Image credit: John Yeong/SportSG
The drills in this article have been generally acknowledged by the archery community as being effective. While it may seem that most of them are targeted at correcting stance, it is important to remember that stance and aim are intrinsically linked - good stance and posture will lead to an improved aim!
Mirror mirror on the wall
Just like how dancers rehearse in studios with full length mirrors, practising archery in front of one is pretty useful. The mirror lets you have a clearer view of your stance and arm positioning, allowing for more efficient correction of any mistakes or bad habits that you might have. Stand sideways in front of a mirror with your bow - there’s no need for an arrow for this - and, after checking and correcting, relax. Repeat your stance again, but without looking. Check your reflection only after you’re done positioning, to see if you’ve gotten it right this time!
Dubbed ‘blank baling’, this drill involves aiming at a blank target - with your eyes closed! Do not emphasise on the accuracy of your arrow’s landing, but on improving your stance and shot. The key here is to feel and concentrate on the shot, placing all focus on observing how you make the shot.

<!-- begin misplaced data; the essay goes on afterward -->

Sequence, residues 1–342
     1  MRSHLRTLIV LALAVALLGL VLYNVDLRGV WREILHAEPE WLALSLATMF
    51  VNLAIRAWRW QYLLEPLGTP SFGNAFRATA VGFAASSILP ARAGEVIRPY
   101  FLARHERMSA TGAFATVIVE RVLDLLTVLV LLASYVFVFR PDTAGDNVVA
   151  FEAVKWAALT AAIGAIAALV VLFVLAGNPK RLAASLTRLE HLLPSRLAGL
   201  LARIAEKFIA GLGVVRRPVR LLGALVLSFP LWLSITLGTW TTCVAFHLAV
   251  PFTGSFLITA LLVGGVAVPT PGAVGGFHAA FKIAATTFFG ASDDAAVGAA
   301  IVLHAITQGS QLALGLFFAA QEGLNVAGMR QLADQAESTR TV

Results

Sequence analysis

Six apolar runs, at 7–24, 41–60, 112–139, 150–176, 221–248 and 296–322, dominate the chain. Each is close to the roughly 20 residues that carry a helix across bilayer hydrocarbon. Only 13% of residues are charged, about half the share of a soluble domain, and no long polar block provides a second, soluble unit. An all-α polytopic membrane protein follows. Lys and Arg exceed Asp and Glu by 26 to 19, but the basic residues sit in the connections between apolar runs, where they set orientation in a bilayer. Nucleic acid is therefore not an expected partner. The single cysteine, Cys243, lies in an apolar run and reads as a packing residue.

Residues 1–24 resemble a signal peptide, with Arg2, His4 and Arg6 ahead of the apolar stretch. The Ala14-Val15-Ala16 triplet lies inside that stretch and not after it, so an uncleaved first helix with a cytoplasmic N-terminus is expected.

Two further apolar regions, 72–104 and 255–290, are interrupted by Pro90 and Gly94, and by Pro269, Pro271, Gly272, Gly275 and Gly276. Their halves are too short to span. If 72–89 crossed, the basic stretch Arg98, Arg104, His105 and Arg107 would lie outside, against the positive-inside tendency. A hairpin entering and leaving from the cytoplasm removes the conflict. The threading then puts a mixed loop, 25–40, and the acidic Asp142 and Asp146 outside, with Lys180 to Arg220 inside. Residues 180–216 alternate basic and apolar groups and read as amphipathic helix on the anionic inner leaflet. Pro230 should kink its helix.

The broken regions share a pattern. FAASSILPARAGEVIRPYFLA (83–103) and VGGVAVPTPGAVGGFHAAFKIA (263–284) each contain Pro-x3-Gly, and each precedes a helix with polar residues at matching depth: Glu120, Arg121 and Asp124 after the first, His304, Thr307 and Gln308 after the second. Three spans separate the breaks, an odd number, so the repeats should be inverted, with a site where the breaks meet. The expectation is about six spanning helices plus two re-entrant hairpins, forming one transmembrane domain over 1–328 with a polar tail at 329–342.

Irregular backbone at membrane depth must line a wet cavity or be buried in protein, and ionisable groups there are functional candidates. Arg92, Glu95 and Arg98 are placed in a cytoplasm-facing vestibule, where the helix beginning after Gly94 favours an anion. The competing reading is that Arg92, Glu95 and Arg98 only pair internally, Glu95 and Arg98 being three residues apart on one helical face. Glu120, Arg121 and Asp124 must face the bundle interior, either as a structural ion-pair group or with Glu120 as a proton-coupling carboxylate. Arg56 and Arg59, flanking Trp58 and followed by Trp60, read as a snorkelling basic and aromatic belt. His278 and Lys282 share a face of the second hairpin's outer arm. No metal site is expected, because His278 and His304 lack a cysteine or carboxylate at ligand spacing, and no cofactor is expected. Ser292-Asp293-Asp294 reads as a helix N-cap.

This exercise targets your drawing technique and back strength. Pull your bow string
to full draw and hold for half a minute. Relax and repeat, increasing your draw timings (how long you hold the draw) with each round. While this may seem repetitive, it is a drill that allows you to simply concentrate on drawing, without the distractions of aim and release techniques.
Slow and steady
The sub-heading for this section says it all - start slow and progress steadily. Begin by practising your shot from a short distance, taking note of your mistakes and correcting them along the way. When you’re confident that you’ve gotten better at this particular distance, move further and repeat the earlier steps.
Other general tips
● Stand straight at all times, pulling yourself tall.
● Maintain good balance.
● Ensure that your ribs and shoulders are always down.
● Aim using your dominant eye - but keep both eyes open if it works for you!
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